Physicist-author Tyson was interviewed one day by Bob Edwards on XMPR and I had to rush to the store and find the book they talked about, Death by Black Hole.
How dare I think I can read something so recondite? As it turns out, non-experts dabbling in subjects way over their heads is a time-honored tradition. Besides, part of the point is that Tyson writes so well that you don't have to be, well, a rocket scientist to follow what he's saying. Even if you don't get all of it (and I certainly didn't), it's really, uh, cool reading.
Tyson is a really cool guy, too, as it turns out. I haven't looked again but when I Googled him after reading this 2007 book, feature articles called him one of New York's most eligible bachelors. Forty-ish, an Olympic athlete, handsome and funny, a leading scientist among the scientists (not just the dabblers like me), and African-American to boot. What a fascinating individual! I wrote him full of praise for his book and he even wrote back a courteous thank you.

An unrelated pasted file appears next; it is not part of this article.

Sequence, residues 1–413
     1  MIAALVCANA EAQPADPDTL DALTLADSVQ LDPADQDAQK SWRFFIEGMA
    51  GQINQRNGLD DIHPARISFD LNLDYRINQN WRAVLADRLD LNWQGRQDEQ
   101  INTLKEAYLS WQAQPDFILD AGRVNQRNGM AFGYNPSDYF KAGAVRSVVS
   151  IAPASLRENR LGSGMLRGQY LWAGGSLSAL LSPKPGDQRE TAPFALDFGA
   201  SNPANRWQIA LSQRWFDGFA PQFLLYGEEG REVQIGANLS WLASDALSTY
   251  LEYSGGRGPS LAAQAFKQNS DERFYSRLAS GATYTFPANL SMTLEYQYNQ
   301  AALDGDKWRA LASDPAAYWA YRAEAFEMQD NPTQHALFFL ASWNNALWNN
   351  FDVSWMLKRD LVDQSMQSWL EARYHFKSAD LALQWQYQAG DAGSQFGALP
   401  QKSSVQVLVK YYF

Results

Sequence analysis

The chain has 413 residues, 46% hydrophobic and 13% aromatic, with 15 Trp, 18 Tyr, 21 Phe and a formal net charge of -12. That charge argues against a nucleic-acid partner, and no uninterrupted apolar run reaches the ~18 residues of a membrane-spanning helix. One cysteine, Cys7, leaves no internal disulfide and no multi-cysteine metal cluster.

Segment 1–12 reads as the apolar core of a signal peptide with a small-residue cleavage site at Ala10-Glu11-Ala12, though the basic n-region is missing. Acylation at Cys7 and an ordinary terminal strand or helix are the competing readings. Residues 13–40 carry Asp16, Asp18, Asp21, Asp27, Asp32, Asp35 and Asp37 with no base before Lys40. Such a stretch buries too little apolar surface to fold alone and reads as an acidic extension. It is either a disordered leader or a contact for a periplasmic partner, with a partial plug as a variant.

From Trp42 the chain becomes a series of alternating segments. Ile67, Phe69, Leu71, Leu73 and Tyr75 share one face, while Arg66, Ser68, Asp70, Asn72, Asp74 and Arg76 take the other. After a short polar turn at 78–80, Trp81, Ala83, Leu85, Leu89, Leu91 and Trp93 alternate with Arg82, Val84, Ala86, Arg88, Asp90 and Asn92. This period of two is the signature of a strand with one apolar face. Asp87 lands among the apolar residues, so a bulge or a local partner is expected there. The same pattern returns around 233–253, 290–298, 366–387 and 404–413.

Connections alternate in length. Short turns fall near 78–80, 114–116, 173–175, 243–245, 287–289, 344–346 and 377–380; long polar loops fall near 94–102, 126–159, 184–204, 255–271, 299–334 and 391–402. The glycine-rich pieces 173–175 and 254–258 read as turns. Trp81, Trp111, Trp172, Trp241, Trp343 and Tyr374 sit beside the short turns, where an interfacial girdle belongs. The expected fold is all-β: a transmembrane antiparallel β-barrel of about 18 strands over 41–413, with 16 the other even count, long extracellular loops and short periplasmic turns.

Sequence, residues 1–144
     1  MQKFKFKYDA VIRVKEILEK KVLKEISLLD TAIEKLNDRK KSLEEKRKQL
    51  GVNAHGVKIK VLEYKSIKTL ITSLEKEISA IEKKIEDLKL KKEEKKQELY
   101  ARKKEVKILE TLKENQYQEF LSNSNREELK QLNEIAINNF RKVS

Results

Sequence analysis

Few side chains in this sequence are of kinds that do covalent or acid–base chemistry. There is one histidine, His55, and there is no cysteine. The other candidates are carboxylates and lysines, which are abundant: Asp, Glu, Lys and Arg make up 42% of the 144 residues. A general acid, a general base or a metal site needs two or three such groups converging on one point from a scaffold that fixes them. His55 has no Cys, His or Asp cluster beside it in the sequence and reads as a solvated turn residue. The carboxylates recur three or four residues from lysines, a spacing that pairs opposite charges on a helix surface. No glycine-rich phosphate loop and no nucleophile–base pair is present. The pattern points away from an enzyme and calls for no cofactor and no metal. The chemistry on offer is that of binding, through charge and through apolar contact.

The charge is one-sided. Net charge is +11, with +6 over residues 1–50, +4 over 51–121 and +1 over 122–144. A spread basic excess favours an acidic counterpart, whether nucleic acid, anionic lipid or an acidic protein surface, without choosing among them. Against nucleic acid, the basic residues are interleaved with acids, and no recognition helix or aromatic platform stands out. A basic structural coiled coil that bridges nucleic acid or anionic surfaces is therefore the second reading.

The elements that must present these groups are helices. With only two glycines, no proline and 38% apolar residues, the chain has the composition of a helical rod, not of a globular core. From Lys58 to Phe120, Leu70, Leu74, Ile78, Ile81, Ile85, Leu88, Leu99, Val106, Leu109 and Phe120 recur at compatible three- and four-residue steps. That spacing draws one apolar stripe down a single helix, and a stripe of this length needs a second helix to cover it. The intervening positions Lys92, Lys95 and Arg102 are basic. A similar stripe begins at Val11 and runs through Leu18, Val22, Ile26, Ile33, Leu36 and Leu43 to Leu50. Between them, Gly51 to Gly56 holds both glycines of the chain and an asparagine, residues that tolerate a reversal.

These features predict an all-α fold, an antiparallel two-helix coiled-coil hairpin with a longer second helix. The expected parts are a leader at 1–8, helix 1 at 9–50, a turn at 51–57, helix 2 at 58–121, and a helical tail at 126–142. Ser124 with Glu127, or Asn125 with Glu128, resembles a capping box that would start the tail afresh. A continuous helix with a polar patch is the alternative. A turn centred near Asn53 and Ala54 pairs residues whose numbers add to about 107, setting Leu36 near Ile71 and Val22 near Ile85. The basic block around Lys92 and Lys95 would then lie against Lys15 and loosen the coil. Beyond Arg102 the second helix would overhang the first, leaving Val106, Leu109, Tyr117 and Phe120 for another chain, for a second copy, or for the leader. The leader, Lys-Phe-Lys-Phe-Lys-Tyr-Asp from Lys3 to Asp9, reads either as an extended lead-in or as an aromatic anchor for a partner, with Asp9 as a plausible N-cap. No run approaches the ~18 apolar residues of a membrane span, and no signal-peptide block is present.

By the way, this morning on the Edwards program I heard an interview with author Richard Holmes, whose new book is entitled The Age of Wonder. Turns out he's an authority on Romatic poets, Keats and Shelley, those guys, and he talked about the fascination many of the Romantics had with science. Not everyone, to be sure, but for many artistic types it was quite the thing to be up on the latest discoveries, whether it was something about the outer planets (Jupiter and Saturn, in those days), or what Darwin was finding on Galapagos.
Holmes said we are in a new golden age of popular science writing, as so many brilliant scientists have found they can also write very well. I'd call Neil DeGrasse Tyson a wonderful and welcome case in point.